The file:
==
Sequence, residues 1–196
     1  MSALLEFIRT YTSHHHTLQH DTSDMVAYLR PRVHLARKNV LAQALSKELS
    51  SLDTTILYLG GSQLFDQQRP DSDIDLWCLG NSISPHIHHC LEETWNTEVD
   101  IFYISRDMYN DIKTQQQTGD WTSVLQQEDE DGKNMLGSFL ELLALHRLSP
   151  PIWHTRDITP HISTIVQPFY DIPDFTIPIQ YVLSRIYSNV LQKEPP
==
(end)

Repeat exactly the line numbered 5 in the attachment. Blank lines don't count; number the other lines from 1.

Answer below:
   151  PIWHTRDITP HISTIVQPFY DIPDFTIPIQ YVLSRIYSNV LQKEPP